COVID-19: Pharmacy is teachable online –Don

In this report by ABDULSALAM MAHMUD, a senior lecturer at the Obafemi Awolowo University (OAU), Dr Ezekiel Akinkunmi, reveals how he imparted knowledge to his pharmacy students during lockdown. 


Over 90 out of the 168 Pharmacy students in 300 and 400 levels at the Obafemi Awolowo University (OAU), Ile-Ife, in Osun state, registered for the virtual lectures for a particular course.

A lecturer at the school, in April last year, had informed the class representatives of the third and fourth-year students that he was planning to organise their lectures online.

This was after the advent of the Coronavirus pandemic in the country. A directive by the Federal Ministry of Education then had asked universities to fashion out ways of commencing virtual learning.   

Teaching pharmacy online

Thus, it was the first time online teaching would be used for some set of  students in the pharmacy faculty of a Nigerian university.

Prior to this, there were discussions on the possibility and efficiency of the ‘remote’ classes. The students had expressed diverse concerns over the new lecture-delivery format.     But by the time the online classes began, according to Dr Akinkunmi, over 80 (representing 63.0%)          out of the 127 students, who eventually attended the classes, said they assimilated the lecture contents delivered virtually well.

Akinkunmi said, “I sent the Zoom invites to the classes through their representatives on April 25, 2020. A reminder was sent in the morning of the day of the first lecture.

“The programme started with two lectures, both held on April 27, 2020. Third year students had lectures on Pharmaceutical Microbiology I (PHA 302), while the fourth year students had lectures on Pharmaceutical Microbiology III        (PHA 402).

“Each lecture lasted for one hour. There were options for video and audio interactions on the platform. During the course of the lectures, students were able to get their questions answered and assignments given.”

Cheaper online platforms available

He said after the exercise was evaluated by the students, who filled questionnaires on Google forms about the sessions, it was discovered that there are other platforms, which could be used for virtual teaching. He said such platforms are cheaper alternatives, and produce clearer broadcast, not necessarily with video.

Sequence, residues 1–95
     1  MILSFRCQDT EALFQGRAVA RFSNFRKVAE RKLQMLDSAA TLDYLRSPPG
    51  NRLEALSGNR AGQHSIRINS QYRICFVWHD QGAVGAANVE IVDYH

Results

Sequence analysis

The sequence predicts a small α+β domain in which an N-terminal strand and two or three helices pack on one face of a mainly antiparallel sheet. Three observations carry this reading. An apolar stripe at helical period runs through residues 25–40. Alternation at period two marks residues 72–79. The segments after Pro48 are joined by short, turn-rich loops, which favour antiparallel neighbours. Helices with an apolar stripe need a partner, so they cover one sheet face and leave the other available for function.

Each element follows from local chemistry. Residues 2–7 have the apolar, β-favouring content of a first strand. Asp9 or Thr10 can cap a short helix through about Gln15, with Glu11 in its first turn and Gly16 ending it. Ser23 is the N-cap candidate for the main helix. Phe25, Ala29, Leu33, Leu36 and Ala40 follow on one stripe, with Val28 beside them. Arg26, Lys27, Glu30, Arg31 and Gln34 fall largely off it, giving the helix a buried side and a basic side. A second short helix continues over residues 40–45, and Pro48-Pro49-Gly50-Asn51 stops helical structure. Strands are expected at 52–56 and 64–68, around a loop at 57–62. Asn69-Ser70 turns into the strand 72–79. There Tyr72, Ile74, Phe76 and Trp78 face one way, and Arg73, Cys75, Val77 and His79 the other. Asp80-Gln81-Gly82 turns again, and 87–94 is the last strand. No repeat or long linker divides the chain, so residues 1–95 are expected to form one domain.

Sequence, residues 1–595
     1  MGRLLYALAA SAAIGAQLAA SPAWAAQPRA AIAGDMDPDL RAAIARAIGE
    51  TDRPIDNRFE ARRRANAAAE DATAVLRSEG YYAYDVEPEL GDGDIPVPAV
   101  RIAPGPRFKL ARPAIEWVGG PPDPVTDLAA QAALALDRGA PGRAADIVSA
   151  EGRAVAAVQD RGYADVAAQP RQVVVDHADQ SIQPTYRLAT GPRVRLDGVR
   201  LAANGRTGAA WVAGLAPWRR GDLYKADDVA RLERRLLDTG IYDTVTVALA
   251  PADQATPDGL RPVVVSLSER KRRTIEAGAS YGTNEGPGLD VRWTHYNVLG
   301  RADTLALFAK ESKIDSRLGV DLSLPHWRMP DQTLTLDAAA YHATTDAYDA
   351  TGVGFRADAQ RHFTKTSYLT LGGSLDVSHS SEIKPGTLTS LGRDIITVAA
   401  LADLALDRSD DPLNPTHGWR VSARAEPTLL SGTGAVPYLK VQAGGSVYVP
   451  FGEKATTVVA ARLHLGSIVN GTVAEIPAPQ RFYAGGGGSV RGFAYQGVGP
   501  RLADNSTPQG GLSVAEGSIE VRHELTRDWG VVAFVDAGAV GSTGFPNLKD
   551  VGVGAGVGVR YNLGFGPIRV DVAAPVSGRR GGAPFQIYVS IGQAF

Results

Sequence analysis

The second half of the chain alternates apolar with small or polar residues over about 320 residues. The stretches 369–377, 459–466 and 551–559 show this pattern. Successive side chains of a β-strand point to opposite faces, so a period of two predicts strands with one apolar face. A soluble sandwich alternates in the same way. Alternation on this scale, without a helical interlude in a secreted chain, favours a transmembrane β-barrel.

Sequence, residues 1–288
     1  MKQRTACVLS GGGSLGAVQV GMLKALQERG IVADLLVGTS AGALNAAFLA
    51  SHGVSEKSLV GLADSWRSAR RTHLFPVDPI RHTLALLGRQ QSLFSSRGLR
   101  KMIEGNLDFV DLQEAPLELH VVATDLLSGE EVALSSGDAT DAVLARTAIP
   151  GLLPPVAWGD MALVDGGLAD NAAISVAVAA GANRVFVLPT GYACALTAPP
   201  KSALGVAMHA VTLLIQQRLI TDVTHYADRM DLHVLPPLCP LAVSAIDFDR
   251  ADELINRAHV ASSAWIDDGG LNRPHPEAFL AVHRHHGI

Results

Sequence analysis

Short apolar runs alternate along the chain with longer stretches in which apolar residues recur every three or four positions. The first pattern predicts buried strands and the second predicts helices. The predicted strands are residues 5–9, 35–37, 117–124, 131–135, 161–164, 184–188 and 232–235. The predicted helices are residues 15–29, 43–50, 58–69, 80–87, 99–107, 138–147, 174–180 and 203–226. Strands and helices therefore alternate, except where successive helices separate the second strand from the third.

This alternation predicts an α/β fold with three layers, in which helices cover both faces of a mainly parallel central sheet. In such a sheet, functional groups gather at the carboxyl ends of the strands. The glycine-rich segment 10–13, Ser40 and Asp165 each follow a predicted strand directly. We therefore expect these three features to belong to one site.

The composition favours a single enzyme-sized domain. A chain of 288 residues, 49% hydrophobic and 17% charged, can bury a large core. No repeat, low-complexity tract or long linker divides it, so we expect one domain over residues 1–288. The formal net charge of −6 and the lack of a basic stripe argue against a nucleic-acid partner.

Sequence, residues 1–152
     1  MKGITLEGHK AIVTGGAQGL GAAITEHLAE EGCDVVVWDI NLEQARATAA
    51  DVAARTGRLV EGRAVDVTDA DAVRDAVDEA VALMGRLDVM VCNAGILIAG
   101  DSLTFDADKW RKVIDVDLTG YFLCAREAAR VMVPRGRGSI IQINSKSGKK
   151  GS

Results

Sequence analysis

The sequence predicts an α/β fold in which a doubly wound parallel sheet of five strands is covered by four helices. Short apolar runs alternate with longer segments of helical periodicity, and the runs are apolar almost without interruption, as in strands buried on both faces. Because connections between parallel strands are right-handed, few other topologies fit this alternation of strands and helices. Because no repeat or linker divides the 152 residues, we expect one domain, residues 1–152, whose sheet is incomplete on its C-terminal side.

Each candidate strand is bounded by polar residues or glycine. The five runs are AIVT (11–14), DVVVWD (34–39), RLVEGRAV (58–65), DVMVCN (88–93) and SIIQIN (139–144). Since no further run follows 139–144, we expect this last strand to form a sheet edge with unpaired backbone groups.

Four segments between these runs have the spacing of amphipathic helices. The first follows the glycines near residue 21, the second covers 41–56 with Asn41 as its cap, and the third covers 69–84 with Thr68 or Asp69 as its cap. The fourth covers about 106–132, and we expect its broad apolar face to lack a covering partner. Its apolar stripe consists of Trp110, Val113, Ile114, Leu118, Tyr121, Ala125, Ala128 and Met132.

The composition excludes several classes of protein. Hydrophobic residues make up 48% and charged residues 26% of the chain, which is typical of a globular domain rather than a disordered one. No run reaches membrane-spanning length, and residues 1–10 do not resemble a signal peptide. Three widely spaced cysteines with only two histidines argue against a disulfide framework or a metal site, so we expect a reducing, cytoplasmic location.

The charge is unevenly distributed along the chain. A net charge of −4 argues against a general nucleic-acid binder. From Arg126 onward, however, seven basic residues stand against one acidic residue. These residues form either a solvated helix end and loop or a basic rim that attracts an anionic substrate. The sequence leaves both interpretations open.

“Yet, most of the Pharmacy students, about 54.5% of them prefer  face-to-face instead of virtual lectures. Almost 79.6% of the students did not want the virtual learning to      continue during the lockdown or when their school finally resumes,” the don said.

Akinkunmi, an Associate Professor in the Department of Pharmaceutical Science, made these known in a paper he presented in a journal titled, “Experience of online   lecture delivery in a Nigerian university.”

The paper was published in the Educational Journal of the Federation of International Pharmacists (FIP).

Challenges of virtual learning surmountable

According to the paper, 61.1 percent of the students believe that all the challenges identified with virtual learning can be overcome.

On the challenges he faced while delivering the lecture, he noted, “There were disruptions in network and also the inability to link up. However, most disruptions were corrected when students changed their locations. The other option was that students can change their network provider.

“Again, the students, themselves, made lots of noise during classes, but I just mute them. Then, some phones become hot due to the lengthy period used for the lectures. But we advised them not to use such phones for more than one hour during lectures.”

Practical pharmacy programme

A cross-section of lecturers at the Pharmacy Faculty, maintain that there is absolutely nothing stopping lectures from being delivered online, except that practical exposure constitutes a substantial part of the Bachelor of Pharmacy programme. “And there is no alternative to being physically on ground,” they said.

Assess quality of online lectures

Dr Akinkunmi also believes that universities will need to carefully assess the quality of lectures received online by students, since there is a higher chance of distraction, specific to each student’s immediate environment.

“If nothing at all, this is something the faculty should definitely begin to explore as a mode of teaching. Besides, the approach is quite innovative and the knowledge gained from this experience will be useful,” he added.

OAU Pharmacy students in the lab

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